|Appears in Collections:||Psychology Journal Articles|
|Peer Review Status:||Refereed|
|Title:||Understanding Circadian and Circannual Behavioral Cycles of Captive Giant Pandas (Ailuropoda melanoleuca) Can Help to Promote Good Welfare|
|Author(s):||Gandia, Kristine M.|
Herrelko, Elizabeth S.
Kessler, Sharon E.
Buchanan-Smith, Hannah M.
Animal Science and Zoology
|Citation:||Gandia KM, Herrelko ES, Kessler SE & Buchanan-Smith HM (2023) Understanding Circadian and Circannual Behavioral Cycles of Captive Giant Pandas (Ailuropoda melanoleuca) Can Help to Promote Good Welfare. <i>Animals</i>, 13 (15), Art. No.: 2401. https://doi.org/10.3390/ani13152401|
|Abstract:||Circadian and circannual cycles of behavior regulate many aspects of welfare including metabolism, breeding, and behavioral interactions. In this study, we aim to demonstrate how systematically determining circadian and circannual cycles can provide insight into animals’ needs and be part of an evidence-based approach to welfare assessment. We measured and analyzed the observational behavioral data of 13 zoo-housed giant pandas (Ailuropoda melanoleuca), across life stages and between sexes, each month for one year using live camera footage from six zoos across the world. Our results indicate that life stage was associated with changes in overall activity, feeding, locomotion, and pacing, and that sex influenced scent anointing and anogenital rubbing. Overall, the circadian rhythms showed three peaks of activity, including a nocturnal peak, as seen in wild giant pandas. We also found associations between sexual-related, stereotypical/abnormal, and feeding behavior, which are possibly linked to the timing of migration of wild pandas, and elucidated the relationship between a mother and cub, finding that they concentrate maternal behaviors to mainly after closing hours. Understanding these cycle patterns can aid animal care staff in predicting changing needs throughout the day, year, and life cycle and preemptively provide for those needs to best avoid welfare concerns.|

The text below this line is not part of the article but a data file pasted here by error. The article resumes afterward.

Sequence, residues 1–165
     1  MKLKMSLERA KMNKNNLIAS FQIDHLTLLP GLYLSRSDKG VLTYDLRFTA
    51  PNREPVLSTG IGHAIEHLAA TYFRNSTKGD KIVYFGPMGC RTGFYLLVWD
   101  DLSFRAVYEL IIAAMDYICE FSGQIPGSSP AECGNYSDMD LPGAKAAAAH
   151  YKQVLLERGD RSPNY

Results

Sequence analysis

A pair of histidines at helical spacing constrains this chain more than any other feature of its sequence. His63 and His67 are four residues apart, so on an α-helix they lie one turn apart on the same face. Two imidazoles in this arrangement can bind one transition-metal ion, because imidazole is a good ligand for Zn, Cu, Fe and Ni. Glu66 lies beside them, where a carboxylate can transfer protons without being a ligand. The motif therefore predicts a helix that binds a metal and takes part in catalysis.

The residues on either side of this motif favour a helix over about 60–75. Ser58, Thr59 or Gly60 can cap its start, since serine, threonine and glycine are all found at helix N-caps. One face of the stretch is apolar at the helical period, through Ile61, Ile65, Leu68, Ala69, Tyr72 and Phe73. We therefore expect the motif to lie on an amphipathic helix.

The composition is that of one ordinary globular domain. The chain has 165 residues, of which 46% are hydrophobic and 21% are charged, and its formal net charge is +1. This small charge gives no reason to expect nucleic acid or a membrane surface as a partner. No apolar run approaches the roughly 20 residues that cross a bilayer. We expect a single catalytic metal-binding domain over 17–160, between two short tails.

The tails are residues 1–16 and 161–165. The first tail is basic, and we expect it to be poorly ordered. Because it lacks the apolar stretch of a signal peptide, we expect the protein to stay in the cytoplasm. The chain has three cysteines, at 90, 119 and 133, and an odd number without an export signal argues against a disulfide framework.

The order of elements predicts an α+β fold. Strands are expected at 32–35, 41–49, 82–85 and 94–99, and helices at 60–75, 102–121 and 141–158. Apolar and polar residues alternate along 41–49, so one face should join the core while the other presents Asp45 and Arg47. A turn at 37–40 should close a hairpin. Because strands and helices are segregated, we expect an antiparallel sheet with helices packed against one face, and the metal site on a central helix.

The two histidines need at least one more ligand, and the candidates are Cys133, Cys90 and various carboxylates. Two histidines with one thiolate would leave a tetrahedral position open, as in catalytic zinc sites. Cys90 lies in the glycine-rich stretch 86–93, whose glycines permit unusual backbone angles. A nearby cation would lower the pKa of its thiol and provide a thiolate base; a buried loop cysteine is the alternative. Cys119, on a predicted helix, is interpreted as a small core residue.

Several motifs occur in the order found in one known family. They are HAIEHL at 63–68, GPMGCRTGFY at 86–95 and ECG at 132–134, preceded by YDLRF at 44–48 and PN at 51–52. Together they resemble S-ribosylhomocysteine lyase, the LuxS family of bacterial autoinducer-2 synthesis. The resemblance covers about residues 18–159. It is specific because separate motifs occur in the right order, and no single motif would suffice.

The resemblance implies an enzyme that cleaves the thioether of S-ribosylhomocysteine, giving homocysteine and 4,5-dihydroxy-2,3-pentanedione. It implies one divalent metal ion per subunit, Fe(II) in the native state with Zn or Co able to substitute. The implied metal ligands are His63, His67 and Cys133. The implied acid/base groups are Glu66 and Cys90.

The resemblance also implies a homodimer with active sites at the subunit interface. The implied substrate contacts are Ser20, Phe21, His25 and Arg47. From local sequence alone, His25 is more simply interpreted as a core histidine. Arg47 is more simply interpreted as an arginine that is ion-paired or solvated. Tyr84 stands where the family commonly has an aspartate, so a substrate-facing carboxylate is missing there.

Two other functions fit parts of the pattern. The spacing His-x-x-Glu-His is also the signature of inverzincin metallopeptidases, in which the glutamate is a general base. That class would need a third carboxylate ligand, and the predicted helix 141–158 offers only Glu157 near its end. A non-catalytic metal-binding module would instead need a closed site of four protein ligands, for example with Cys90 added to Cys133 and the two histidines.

|Rights:||© 2023 by the authors. Licensee MDPI, Basel, Switzerland. This article is an open access article distributed under the terms and conditions of the Creative Commons Attribution (CC BY) license (https://creativecommons.org/licenses/by/4.0/).|
|animals-13-02401.pdf||Fulltext - Published Version||6.46 MB||Adobe PDF||View/Open|
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